Keenan Briefings

Briefings

IRS Clarifies Taxability of Dependent Care Assistance Programs Unused Funds

May 11, 2021
  • Guidance issued on the taxability of dependent care assistance programs (DCAPs) for 2021 and 2022
  • Notice 2021-26 provides some helpful examples summarized in this Briefing

On May 11, 2021, the Internal Revenue Service (IRS) issued guidance on the taxability of dependent care assistance programs (DCAPs) for 2021 and 2022, clarifying that amounts attributable to carryovers or an extended period for incurring claims generally are not taxable. The guidance also illustrates the interaction of this standard with the one-year increase in the exclusion for employer-provided dependent care benefits from $5,000 to $10,500 for the 2021 taxable year under the American Rescue Plan Act (ARPA).

Because of the pandemic, many employees were unable to use the money they set aside in their DCAPs in 2020 and 2021. Generally, under these plans, an employer allows its employees to set aside a certain amount of pre-tax wages to pay for dependent care expenses. The employee's expenses are then reimbursed from the DCAP.

Carryovers of unused DCAP amounts generally are not permitted (although a 2½ month grace period is allowed). However, the Taxpayer Certainty and Disaster Tax Relief Act of 2020 allowed employers to amend their plans to permit the carryover of unused amounts to plan years ending in 2021 and 2022, or to extend the permissible period for incurring claims to plan years over the same period.

When employers adopt these amendments, unused funds carried over from prior years or available during an extended grace period are not taken into account for the following year. Absent these amendments, the maximum DCAP reimbursement per calendar year (tax year) is limited to $5,000.

Notice 2021-26 clarifies for taxpayers that if these dependent care benefits would have been excluded from income if used during taxable year 2020 (or 2021, if applicable), these benefits will remain excludible from gross income and are not considered wages of the employee for 2021 and 2022. In addition, the notice clarifies that these benefits will not be taken into account for purposes of the application of the limits under IRC 129 to other DCAP benefits available for taxable years ending in 2021 and 2022.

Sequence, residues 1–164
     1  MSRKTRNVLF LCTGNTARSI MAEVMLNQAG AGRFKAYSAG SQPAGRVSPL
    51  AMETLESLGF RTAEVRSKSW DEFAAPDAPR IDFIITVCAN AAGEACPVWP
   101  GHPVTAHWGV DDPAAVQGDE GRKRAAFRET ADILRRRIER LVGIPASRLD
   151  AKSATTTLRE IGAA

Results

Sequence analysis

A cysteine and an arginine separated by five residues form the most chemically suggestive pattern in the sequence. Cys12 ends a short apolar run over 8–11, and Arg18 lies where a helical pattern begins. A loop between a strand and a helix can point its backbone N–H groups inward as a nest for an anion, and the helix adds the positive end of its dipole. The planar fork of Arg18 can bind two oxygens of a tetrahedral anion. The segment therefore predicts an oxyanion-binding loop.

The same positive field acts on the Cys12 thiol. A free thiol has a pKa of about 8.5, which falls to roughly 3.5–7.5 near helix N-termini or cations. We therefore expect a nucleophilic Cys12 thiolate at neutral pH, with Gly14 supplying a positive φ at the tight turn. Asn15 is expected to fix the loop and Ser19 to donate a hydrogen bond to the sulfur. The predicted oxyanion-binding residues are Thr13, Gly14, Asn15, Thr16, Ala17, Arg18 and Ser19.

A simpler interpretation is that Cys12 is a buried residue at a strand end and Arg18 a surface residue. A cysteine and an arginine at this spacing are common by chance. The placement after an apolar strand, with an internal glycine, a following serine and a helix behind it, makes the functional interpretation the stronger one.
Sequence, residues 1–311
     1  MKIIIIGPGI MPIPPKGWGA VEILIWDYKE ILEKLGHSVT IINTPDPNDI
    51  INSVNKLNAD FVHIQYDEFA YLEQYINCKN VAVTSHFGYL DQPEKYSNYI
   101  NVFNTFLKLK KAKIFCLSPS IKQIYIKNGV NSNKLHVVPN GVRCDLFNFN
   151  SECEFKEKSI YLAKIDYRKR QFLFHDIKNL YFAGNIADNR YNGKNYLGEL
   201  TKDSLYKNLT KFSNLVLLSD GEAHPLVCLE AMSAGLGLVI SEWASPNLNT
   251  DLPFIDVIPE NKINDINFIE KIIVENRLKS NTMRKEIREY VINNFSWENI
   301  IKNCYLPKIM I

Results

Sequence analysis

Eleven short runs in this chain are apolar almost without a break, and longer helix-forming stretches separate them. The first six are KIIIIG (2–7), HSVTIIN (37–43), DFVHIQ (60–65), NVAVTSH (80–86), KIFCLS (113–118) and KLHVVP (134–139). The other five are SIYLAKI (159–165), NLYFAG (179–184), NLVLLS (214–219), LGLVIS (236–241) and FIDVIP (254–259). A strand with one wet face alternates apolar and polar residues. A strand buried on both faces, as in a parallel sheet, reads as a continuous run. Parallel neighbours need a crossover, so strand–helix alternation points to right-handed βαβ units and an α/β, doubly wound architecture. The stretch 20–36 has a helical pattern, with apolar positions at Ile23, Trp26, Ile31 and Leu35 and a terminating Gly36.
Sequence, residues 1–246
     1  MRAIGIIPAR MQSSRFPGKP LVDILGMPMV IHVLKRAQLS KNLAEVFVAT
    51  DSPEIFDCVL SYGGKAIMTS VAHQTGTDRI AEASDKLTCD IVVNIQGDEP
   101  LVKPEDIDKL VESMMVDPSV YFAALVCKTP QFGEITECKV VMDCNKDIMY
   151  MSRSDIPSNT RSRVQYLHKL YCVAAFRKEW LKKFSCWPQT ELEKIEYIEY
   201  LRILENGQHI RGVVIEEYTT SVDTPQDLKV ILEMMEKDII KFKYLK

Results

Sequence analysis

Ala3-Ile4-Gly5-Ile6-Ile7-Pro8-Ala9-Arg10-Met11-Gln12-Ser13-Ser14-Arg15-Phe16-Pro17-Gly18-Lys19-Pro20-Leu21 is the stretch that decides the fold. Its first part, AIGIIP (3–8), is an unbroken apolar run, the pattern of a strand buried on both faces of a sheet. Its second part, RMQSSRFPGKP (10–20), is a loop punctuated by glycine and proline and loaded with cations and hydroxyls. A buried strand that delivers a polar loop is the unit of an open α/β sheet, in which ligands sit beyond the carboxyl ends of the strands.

Notice 2021-15 PDF, issued in February 2021, states that if an employer adopted a carryover or extended period for incurring claims, the annual limits for dependent care assistance program amounts apply to amounts contributed, not to amounts reimbursed or available for reimbursement in a particular plan or calendar year. Therefore, participants in dependent care assistance programs may continue to contribute the maximum amount to their plans for 2021 and 2022.

Notice 2021-26 provides some helpful examples that are summarized below.

Example 1: Calendar Year DCAP – Employer Adopts the Extended Carryover and/or Grace Period Provision and Increased DCAP Maximum of $10,500 for 2021

January 1 – December 31, 2020

January 1 – December 31, 2021

January 1 – December 31, 2022

Employee elects $5,000

  • Employee does not use the funds because day care facilities are closed due to COVID-19